'I'm always looking for the Hows and the Whys and the Whats,' said Muskrat, 'That is why I speak as I do. You've heard of Muskrat's Much-in-Little, of course?'
'No,' said the child. 'What is it?'
- The Mouse and his Child. Russell Hoban.

Go here to find out more.

Tuesday, 7 June 2011

A Stroll around the Autumn Garden

After a very busy summer working at art in one form or another, our garden has received virtually no attention but that given by my prodigal son, who has cut back some bamboo, lots of tree ferns, and mowed the lawns.
This morning, after a wet weekend, I found myself wandering around outside in my dressing-gown. The first thing to catch my eye was a little cluster of edible ear fungus Auricularia auricula, at the base of a pittosporum tree.
The sprinkling of wood-dust confirms that the cause of the tree's deterioration is probably some kind of borer beetle, probably the lemon tree borer (Oemona hirta), that I have posted about before.
The vegetation is quite thick in that vicinity so its loss will hardly be noticed, and in the meantime, it is providing a source of food for two interesting species, at least. (Just so long as it doesn't get into our mandarins and lemon!)

Something's been chewing on the orchids too...

The bromeliad flowers are out. Such a eye-catching contrast of colours placed together; red, green and blue.

The first camellia. I like the tiny serrations around the edge of the petals of this variety. They show up well against the dark green glossy leaves.

This autumn has been slow to arrive, and there is still lovely colour on the Japanese maples:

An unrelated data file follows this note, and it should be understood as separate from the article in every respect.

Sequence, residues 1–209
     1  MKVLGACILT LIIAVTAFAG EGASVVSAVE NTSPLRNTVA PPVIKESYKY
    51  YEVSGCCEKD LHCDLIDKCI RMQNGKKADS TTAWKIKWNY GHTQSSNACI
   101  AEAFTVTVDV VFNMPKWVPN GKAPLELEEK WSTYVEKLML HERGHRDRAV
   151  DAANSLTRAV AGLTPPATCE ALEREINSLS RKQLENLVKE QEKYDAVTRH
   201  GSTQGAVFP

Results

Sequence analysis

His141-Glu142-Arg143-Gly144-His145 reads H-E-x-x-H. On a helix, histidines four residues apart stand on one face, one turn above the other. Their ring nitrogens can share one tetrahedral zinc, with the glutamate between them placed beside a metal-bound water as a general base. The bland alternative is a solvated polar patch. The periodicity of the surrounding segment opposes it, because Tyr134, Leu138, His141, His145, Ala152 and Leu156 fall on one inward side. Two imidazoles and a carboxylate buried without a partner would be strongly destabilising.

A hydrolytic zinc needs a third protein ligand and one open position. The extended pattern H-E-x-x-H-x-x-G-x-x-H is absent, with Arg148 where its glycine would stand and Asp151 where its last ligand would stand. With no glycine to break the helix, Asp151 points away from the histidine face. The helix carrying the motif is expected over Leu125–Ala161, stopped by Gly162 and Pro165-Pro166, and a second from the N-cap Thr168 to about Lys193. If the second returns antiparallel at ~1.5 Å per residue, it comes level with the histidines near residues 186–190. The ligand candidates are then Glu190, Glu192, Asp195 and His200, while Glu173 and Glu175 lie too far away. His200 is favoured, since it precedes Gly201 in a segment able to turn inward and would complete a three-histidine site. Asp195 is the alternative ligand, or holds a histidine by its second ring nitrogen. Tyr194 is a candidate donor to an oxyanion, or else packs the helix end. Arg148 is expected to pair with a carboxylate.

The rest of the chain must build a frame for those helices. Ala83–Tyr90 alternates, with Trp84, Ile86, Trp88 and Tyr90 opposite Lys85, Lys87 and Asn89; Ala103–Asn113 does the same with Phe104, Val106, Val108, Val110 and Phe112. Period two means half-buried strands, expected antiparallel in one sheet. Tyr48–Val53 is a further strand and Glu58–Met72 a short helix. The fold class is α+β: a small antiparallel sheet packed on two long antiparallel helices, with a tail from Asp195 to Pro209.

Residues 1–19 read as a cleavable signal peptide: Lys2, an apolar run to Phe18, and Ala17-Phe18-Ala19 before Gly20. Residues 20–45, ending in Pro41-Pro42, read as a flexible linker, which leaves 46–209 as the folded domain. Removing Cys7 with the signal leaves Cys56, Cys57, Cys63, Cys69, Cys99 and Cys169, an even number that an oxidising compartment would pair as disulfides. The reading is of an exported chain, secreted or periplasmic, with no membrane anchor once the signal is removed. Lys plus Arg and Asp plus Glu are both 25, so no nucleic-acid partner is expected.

And something's also been munching on the sage. Imagine eating sage! It must have been very hungry.

A toppling bamboo cane broke off a large part of the tibouchina but it grows very quickly and there's still plenty of the bright purple flowers left. I always think they look very tropical.


  1. Perhaps the tiny serrations around the edge of the petals of the camellia indicate that something has been chewing/munching on it too.

    I'm just sayin'.

    There are none so blind as those who will not see!!

    VW is sisist. I will cease and sisist.

  2. It's good to see the garden in the 'autumn' because I never see the end of autumn or winter or the start of spring.

  3. Ah, Robert, that's fun; my 'eating creatures' way of looking at things has infected you too! But no, those serrations are normal for this camellia. Unless I've had a very systematic munching insect all these years!

    Geeb. Thanks for popping in! WHich is more than I've down to you recently. Coming over right now!

  4. I'd like to see the pittosporum tree. We have what we call a pittosporum bush, but it doesn't have the trunk characteristics I see in your picture. The orchids growing out of the ground just blow my mind. We used to raise orchids, but we had to do it in a green house and spend a lot of time and energy on them. What a gift you have with plenty of water and acid soil. We've had only 5 or 8 (can't remember exactly) inches of rain since October. Currently in stage 2 water rationing and almost to stage 3. BUMMER!

    By the way, I just posted a bit of eye candy on my blog.

  5. Judy - I know, we are very lucky here with plenty of rain and a mild climate. Being near the sea, we don't usually get many frosts in winter either, although of course, you only need one or two to kill a tender plant off. Here bushes often grow into trees, and you certainly can't depend on the height quoted on the label at the nursery! There are lots of pittosporums however. This one looks like a tenuifolium cultivar, but they also have a wide range of heights and leaves:


    ps. Thanks for popping in. Coming over to gaze on E.C...

  6. Well, I WAS coming over, but I can't seem to find a link to your blog when I go to your entry page.... Bother.

  7. Try

    The eye candy is a girl. Do you know her?

  8. You have a very lovely autumn garden -- and evidently delicious to some creatures. :)

  9. Thanks Judy. No, I didn't know her. But then I don't watch TV...

    Pat, thanks. I don't spray, so there's a kind of balance. More or less.